White Tiger Goby,
Priolepis nocturna

Common Name: Circus goby, Gecko goby, White Tiger goby, Half Moon goby; the list goes on….
Scientific Name: Priolepis nocturna
Size: Less than 2”, though their fan-like pectoral and caudal fins may make them appear larger.
Origin: Indo-Pacific. Fishbase.com lists the following: Aldabra and Assumption Island, Cosmoledo Group, Seychelles; Marquesas, Maldives.
Natural Habitat: This cryptic little goby is found in tropical rocky/reef areas, hiding upside down in caves.
Feeding Requirements: Typical of most popular gobies in the aquarium trade, the gecko goby quickly accepts all aquarium foods, both frozen and dry.
Difficulty Rating:
(1 = easy - 5 = hard)
1 = Easy. In the proper reef environment (see below), this fish is hardy and eats with gusto.
Aggressiveness Rating:
(1 = shy - 5 = nasty)
2 = Not aggressive. In my experience, this fish adopts an “ignore them and they will leave” attitude, whether faced with small inquisitive fish or very large passers by.
Captive Requirements: As mentioned earlier, these fish thrive in a standard reef environment. Their hearty appetites lend them to be excellent choices for any marine tank, assuming certain requirements are met. Caves and overhangs are a must. Beyond that, the fewer large, boisterous tank mates, the better. Obviously, tankmates large enough to eat or otherwise thrash this little gem are a no-no. Prior to adding tangs and Genicanthus angels to my aquarium, my little gecko goby would slowly patrol the entire aquarium, with quick stop/start movements. As soon as larger fish were added to the system, the goby would remain hidden under ledges and such. Brief appearances are a treat as he darts out for food.
Optional Requirements: I enjoy keeping fish in pairs. I simply added another gecko goby to my established one. They paired without incident. I have even seen one individual with a distended belly containing orange/pink eggs on more than one occasion. There are two other reefers that I know of that have had the same relatively simple experience with pairing their gobies. However, they have not witnessed breeding. It is unclear to me as to whether or not these fish will fight if paired with the same sex.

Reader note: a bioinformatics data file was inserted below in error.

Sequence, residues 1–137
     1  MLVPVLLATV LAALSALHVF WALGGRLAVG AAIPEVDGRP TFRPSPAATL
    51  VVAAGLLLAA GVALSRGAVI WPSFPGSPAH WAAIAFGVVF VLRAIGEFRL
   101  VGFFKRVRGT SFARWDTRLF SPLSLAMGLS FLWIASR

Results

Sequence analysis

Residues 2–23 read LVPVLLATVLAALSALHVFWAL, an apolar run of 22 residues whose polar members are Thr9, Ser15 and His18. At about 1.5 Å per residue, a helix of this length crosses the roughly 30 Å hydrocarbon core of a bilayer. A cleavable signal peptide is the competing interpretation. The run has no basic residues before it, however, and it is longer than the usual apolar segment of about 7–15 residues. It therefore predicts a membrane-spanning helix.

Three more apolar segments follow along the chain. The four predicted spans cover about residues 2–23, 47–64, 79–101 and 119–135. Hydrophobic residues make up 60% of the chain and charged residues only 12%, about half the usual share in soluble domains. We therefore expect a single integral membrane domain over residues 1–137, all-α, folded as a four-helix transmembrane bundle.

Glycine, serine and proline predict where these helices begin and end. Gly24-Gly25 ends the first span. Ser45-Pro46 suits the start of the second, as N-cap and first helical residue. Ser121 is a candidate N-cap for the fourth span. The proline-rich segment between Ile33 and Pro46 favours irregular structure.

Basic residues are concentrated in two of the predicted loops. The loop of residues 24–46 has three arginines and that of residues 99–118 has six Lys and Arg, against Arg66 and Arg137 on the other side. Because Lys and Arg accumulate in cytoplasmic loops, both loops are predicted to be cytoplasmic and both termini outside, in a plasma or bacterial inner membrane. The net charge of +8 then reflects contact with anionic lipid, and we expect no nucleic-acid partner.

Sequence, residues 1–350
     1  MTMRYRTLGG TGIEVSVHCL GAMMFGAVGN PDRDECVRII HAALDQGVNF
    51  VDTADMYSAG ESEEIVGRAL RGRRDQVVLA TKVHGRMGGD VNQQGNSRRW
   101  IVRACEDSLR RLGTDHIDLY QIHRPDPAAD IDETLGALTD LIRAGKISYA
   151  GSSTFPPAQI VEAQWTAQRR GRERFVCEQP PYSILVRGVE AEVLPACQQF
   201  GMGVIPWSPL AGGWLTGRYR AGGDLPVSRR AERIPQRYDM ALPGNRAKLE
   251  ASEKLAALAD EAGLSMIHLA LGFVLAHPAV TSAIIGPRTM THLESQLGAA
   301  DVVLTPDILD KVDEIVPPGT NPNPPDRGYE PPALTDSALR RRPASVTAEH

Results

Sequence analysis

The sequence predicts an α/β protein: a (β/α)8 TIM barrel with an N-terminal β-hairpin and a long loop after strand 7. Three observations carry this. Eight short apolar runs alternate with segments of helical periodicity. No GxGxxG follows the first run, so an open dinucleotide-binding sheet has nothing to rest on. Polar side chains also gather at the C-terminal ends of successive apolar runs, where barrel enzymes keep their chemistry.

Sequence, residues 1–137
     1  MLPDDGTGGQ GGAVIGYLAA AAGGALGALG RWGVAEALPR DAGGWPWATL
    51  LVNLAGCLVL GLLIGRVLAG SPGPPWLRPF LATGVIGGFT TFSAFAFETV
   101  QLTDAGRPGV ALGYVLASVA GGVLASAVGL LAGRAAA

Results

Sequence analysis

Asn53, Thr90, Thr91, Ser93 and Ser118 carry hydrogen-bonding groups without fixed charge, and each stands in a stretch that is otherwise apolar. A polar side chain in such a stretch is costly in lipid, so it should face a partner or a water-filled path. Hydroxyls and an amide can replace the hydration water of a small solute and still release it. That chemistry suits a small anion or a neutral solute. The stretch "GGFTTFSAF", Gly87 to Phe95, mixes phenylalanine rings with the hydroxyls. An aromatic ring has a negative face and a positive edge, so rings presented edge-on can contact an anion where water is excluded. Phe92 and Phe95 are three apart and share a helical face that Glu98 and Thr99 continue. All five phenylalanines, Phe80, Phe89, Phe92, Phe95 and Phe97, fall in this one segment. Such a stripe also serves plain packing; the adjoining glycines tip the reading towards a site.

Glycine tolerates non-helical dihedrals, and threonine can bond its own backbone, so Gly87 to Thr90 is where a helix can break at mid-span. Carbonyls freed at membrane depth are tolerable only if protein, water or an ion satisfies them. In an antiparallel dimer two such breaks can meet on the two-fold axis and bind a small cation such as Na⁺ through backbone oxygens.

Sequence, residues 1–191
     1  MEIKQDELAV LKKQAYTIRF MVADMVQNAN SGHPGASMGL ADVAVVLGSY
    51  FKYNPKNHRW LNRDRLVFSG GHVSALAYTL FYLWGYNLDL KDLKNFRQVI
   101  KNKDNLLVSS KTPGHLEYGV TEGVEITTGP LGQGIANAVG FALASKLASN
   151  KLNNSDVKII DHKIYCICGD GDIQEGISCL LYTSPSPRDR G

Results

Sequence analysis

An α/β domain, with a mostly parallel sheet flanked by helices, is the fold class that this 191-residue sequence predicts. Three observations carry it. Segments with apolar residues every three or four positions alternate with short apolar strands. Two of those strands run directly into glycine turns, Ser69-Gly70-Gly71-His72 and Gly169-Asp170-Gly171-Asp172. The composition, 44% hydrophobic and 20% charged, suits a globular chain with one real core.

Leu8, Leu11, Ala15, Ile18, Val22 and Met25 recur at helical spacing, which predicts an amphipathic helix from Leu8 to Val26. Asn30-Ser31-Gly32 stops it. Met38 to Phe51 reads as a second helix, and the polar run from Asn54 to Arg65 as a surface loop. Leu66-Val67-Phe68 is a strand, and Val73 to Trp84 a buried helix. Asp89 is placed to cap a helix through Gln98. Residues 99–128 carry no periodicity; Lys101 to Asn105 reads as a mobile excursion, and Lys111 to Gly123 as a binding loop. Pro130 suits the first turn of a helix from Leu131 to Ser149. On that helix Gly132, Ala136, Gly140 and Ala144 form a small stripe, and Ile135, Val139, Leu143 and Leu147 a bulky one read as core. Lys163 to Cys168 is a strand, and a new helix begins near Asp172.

Reef Tank Compatible: Again, because of their laid back nature, the gecko goby is an excellent choice for a reef aquarium. They do have large mouths, so be cautious with VERY small ornamental shrimp such as sexy shrimp (Thor ambeonesis), and the like.
Notes: This was one of my very first fish added to my current reef aquarium. It was rather unimpressive looking at the aquarium shop, as is often the case. Fins clamped; huddled in a corner; desperately waiting for a nice cave to hide in. However, I remembered some pictures of one from a TOTM article, and decided to buy it. It turned out to be a wonderful purchase! Watching this fish sit and move around, upside down, in the caves of my tank is a treat. It keeps its large, brilliant white, fan shaped fins outstretched, giving it a fluttery appearance as it moves and turns.
Further Reading: Fishbase.com
SpringLink.com PDF file
Sept 2004 Tank of the Month

Note: All of the above information has been compiled from various sources and should be used as a guideline, not a hardfast rule. Use caution when selecting animals for your own tank and research as much as possible before purchasing any animals. Remember that certain corals and fish are very hard to keep if their special requirements are not met. The information contained here is to help you make an informed decision. The author assumes no responsibility for any consequences that may arise from the use of this information.

Fish Profile: White Tiger Goby, Priolepis nocturna by Peter Martis - Reefkeeping.com